Dimetrodon grandis
Permian synapsid

Dimetrodon is often mistaken for a dinosaur, but it is actually much more closely related to mammals! It belongs to a group of animals called synapsids, which are distinguished from reptiles by their skull features. Today, mammals are the only living synapsids, but Dimetrodon was one of the earliest members of this group. Primitive synapsids were succeeded by a more advanced group called the therapsids, sometimes called “mammal-like reptiles.”

Dimetrodon lived during the Permian Period from 292-272 million years ago, about 30 million years before the first dinosaurs appeared. Reaching lengths of up to 15 feet, Dimetrodon was a top predator, and fed on other land animals as well as fish. The sail on its back is thought to have been used in courtship displays, or to help the animal regulate its body temperature. Most Dimetrodon fossils from the United States have been found in the Red Beds of Texas and Oklahoma.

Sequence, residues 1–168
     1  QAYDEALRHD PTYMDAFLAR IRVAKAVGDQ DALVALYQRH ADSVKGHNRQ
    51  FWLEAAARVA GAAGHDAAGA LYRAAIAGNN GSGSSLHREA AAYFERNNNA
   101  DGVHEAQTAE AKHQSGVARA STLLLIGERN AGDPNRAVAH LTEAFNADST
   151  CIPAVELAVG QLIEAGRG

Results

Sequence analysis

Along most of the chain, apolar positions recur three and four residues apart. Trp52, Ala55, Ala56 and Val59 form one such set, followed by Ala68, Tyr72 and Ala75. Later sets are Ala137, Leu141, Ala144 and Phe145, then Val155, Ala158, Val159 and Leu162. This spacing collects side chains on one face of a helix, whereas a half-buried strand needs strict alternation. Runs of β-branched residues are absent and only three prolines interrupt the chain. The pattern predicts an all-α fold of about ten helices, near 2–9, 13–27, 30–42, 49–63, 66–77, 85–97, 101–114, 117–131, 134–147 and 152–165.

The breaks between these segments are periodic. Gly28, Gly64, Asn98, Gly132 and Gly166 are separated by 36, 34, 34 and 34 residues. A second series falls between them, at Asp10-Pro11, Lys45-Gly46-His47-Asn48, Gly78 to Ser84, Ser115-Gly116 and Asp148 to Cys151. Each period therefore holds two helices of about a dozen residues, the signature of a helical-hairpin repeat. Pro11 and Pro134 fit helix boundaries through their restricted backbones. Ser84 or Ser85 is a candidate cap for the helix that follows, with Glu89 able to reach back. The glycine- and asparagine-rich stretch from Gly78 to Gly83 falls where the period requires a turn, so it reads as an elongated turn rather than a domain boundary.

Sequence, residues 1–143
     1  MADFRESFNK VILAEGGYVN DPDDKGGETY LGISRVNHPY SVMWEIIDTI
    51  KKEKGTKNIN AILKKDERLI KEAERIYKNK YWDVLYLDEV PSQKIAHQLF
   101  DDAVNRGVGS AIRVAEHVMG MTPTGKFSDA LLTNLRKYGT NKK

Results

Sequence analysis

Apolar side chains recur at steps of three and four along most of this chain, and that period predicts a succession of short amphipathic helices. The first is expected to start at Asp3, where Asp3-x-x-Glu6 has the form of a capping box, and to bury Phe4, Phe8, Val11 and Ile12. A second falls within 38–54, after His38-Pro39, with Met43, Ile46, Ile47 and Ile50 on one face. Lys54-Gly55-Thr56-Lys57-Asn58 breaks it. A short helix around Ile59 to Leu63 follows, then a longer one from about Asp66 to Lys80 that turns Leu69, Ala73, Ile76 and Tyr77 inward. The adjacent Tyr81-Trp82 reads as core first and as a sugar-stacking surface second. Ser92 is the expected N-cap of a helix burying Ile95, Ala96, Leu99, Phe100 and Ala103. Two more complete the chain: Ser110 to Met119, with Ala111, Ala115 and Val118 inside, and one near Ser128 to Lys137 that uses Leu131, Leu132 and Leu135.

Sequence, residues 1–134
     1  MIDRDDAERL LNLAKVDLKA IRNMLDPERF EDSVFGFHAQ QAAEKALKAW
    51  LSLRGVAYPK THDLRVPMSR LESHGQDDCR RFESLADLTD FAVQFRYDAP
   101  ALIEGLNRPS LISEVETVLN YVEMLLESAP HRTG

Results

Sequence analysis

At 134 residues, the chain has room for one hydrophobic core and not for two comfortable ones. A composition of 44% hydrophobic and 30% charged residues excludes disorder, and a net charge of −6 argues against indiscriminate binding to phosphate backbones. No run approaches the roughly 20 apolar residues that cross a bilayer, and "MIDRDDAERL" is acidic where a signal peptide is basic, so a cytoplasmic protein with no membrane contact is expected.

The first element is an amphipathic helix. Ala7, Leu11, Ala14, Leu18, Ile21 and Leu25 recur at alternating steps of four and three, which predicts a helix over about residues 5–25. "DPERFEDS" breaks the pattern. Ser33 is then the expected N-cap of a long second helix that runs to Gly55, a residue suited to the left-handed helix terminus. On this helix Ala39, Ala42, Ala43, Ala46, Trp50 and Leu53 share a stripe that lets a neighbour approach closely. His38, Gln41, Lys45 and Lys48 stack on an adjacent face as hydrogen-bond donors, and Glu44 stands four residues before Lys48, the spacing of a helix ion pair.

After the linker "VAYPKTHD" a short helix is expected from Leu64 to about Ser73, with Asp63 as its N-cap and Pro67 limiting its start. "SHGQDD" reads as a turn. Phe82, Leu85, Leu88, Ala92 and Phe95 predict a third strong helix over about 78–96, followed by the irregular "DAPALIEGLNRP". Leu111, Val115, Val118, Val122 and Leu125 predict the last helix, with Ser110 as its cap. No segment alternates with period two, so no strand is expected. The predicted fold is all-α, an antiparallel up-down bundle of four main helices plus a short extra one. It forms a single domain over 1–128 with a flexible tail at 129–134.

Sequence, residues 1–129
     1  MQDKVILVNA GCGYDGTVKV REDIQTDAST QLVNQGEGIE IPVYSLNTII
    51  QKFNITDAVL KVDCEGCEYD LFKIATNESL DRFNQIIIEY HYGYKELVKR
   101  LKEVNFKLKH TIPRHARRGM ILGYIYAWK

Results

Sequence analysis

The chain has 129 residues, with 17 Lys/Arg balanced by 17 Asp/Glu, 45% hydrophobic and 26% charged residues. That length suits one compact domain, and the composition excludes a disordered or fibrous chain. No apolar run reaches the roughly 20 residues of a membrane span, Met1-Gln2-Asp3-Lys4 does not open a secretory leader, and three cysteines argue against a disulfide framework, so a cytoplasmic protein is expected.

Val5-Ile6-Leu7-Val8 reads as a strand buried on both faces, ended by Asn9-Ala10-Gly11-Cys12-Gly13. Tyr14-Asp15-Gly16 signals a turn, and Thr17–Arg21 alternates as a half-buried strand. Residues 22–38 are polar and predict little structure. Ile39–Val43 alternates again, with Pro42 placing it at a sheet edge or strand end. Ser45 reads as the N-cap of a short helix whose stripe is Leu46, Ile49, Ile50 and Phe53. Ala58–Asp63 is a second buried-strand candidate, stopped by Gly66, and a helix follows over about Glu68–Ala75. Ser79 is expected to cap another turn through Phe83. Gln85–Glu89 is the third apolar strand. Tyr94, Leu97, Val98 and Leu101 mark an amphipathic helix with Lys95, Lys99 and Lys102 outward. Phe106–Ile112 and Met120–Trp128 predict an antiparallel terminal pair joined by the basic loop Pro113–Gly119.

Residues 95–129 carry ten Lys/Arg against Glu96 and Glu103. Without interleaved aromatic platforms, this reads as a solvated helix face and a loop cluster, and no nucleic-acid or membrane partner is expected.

Length: 20 inches

Price: $20.00

NOTE: Please enter your donation amount by adjusting the quantity above (click the +/- buttons or type in the quantity). It will adjust the donation in $5 increments. For example, an entered quantity of 5 will result in a donation of $25.